Key Finding

Research and development to improve technology transfer and process changes dealing with manufacturing changes in ship design and production is critical to the Nation in terms of competitiveness, security, the environment, and the economy.

Major Objectives

Major program objectives in the ships and shipbuilding technology program include:

  1. Develop strong and competitive "world class" international ocean shipping and domestic water transportation industries.

  2. Develop a strong and competitive "world class" commercial ship design and production capability.

  3. Develop defense-relevant waterborne transportation capabilities to meet peacetime and national emergency needs.

  4. Develop a safe and environmentally prudent US waterborne transportation system.

  5. Create new jobs in the ship design, ship construction and ship operating sectors of the maritime industry.

Challenges and New Opportunities

  • Increase US Competitiveness in Ship Construction: Ship inspection and construction is a strategically and economically important area in which the Nation faces very serious challenges. Technologies involved in inspection, maintenance, repair, disposal and recycling of ships and other transportation vehicles is a priority.

  • Create Jobs in Shipbuilding: There is an urgent need to lay the technology foundation for the next generation ships and other vehicles that will minimize the use of non-renewable resources, and will be safe, secure, economically viable, suitable for use by an increasingly diverse population, and, at the same time, be producible and create manufacturing jobs in the US based on both domestic and export markets.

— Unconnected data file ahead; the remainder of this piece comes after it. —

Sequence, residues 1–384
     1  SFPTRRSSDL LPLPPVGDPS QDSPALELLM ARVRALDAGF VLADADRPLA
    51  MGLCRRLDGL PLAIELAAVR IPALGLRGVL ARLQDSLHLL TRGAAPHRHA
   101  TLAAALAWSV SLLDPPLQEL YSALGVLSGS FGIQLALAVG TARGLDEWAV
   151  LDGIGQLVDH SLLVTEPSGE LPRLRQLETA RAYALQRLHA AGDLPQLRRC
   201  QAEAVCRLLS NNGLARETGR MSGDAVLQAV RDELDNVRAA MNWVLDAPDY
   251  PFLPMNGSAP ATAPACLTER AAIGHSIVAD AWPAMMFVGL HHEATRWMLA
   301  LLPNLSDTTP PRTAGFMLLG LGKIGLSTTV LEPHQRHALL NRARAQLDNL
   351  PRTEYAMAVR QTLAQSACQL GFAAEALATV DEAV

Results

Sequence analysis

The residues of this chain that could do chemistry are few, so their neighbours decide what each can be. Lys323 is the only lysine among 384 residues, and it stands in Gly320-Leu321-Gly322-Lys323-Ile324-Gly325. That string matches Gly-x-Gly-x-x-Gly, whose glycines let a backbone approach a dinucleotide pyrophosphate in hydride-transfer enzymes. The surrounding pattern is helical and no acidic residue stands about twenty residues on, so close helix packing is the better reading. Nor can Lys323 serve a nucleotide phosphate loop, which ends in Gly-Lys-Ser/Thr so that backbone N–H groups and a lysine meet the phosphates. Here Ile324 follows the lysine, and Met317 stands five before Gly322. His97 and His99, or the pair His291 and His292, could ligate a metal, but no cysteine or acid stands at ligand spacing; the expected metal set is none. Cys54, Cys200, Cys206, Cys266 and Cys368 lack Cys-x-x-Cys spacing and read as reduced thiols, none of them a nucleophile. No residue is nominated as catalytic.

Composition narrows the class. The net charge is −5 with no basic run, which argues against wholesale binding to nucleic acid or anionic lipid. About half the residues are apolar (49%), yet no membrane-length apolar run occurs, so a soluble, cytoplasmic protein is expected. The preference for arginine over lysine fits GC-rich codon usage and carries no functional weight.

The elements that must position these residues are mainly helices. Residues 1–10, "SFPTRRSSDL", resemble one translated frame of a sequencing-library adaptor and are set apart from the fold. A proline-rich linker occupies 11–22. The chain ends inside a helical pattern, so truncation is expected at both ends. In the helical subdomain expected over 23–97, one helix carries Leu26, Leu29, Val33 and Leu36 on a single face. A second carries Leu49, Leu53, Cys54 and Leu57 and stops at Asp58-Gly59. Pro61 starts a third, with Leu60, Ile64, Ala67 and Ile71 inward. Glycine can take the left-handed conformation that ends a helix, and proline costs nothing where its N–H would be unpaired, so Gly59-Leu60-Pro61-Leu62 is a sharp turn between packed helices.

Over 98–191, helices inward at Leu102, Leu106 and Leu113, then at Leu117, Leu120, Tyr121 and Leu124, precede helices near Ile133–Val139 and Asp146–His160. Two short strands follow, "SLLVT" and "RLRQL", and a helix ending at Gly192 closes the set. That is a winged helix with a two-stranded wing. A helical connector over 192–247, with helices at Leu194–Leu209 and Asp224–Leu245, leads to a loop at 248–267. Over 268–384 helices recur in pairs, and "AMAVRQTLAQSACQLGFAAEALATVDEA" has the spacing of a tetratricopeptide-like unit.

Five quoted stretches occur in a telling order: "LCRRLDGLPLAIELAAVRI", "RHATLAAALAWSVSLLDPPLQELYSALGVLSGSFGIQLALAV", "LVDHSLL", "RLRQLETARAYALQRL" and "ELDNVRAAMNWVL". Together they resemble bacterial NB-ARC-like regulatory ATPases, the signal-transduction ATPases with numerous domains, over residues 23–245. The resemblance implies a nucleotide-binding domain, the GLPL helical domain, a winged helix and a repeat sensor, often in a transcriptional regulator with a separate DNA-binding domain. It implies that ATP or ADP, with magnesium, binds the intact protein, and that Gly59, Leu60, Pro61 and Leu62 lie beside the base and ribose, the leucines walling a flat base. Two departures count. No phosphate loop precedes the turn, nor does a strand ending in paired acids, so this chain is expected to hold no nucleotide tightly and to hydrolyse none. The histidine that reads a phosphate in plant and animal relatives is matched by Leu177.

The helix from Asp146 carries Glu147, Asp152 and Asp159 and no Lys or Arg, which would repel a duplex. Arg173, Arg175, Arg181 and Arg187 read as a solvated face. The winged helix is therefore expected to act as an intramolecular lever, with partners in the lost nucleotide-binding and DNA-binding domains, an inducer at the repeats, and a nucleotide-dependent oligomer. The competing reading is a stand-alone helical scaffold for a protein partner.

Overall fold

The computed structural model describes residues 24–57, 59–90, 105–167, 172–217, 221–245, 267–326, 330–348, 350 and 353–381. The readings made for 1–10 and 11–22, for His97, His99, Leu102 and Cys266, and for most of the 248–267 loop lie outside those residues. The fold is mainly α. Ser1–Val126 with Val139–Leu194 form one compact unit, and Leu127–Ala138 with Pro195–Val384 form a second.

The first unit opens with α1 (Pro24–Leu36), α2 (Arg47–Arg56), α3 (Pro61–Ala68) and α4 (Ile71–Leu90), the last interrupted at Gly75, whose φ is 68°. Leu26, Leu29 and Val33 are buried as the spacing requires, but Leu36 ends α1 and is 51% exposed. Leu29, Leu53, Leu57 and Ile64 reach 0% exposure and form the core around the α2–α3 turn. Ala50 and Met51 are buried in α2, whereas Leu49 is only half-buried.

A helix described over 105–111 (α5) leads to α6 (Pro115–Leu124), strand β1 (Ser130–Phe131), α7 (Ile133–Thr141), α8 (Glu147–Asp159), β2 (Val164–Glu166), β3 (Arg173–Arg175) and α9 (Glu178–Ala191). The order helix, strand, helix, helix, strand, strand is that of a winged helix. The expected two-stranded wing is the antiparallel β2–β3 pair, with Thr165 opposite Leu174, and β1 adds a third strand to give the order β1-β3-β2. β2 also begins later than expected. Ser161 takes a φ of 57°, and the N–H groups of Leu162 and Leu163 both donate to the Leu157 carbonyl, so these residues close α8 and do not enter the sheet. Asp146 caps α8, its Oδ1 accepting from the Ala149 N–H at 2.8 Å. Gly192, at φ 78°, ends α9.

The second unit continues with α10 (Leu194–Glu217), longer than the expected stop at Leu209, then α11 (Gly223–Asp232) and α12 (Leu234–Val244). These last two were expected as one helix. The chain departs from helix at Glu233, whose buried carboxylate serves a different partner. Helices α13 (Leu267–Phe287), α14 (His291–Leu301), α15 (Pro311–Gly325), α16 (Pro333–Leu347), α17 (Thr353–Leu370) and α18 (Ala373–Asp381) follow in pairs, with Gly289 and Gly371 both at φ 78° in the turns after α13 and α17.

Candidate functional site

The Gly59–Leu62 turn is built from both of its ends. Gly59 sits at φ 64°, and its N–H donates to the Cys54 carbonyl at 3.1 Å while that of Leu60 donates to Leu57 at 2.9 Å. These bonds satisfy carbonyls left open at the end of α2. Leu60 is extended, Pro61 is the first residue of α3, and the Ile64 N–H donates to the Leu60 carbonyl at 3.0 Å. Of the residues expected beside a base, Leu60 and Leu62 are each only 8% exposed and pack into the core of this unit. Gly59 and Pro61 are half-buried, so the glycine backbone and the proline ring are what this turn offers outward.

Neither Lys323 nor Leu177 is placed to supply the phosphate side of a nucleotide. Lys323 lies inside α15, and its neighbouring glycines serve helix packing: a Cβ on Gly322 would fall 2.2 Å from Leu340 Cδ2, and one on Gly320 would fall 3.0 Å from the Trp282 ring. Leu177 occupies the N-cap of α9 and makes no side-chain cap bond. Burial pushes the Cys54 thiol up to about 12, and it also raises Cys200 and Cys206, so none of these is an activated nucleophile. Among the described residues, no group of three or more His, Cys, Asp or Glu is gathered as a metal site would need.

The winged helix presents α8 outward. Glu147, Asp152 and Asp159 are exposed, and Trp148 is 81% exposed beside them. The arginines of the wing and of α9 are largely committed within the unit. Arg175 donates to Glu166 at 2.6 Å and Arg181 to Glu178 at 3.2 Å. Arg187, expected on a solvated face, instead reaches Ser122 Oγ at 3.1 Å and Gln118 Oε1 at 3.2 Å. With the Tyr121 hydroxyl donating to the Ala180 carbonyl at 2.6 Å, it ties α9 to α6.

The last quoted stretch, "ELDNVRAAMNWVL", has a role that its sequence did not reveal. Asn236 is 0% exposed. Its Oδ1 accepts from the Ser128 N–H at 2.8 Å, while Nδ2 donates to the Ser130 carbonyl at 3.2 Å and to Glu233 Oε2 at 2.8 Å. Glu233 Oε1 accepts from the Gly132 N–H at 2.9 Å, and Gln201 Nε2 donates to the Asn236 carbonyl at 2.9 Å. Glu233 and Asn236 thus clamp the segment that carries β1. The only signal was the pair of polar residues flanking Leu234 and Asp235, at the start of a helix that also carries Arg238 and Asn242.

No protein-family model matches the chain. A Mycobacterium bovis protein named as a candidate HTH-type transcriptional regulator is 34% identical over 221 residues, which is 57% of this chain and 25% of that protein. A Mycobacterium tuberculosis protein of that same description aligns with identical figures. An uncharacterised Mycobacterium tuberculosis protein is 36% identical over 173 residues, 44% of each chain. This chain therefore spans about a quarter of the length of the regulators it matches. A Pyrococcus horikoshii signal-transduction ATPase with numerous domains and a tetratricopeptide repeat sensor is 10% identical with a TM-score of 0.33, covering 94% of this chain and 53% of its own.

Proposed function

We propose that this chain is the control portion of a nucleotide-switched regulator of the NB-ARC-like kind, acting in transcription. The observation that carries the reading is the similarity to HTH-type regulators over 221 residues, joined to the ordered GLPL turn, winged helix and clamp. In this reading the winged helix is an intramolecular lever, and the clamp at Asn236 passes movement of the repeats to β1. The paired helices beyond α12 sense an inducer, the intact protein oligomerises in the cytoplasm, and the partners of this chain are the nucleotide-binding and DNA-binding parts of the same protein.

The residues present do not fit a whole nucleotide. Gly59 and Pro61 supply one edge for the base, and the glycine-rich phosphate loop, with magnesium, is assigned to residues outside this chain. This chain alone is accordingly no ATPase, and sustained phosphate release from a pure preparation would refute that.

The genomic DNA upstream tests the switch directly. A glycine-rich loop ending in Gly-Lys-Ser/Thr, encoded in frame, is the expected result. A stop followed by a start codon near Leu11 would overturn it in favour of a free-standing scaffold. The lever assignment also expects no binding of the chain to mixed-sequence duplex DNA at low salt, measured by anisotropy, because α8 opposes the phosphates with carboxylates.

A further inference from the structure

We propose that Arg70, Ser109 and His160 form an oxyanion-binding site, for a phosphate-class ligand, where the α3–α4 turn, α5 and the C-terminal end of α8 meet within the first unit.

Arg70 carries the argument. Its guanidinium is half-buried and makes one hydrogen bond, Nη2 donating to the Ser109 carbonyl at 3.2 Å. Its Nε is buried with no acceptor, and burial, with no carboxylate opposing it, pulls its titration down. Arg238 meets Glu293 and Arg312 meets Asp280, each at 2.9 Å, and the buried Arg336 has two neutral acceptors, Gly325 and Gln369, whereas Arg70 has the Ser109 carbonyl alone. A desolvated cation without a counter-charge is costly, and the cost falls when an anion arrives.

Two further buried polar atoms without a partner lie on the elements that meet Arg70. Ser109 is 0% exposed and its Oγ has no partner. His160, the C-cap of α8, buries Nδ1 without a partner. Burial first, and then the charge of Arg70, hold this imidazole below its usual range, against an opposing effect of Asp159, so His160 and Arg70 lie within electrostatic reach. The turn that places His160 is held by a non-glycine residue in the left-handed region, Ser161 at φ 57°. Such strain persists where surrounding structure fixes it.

Transportation touches and is touched by virtually all aspects of modern life, with connections that range from direct to nearly invisible. Our transportation system plays a critical role in meeting key national goals including individual quality of life, economic vigor and sustainable development. Transportation is also central to some of the most challenging and contentious public issues we face, such as urban congestion, global warming, public safety, and mandated standards for air quality. It is critical that public and private decisions relating to transportation be based on a solid understanding of the system and its elements, operations, and societal impacts. Two areas are particularly critical in terms of achieving effective transportation investments and safe and efficient system operation: System Assessment, and Human Performance.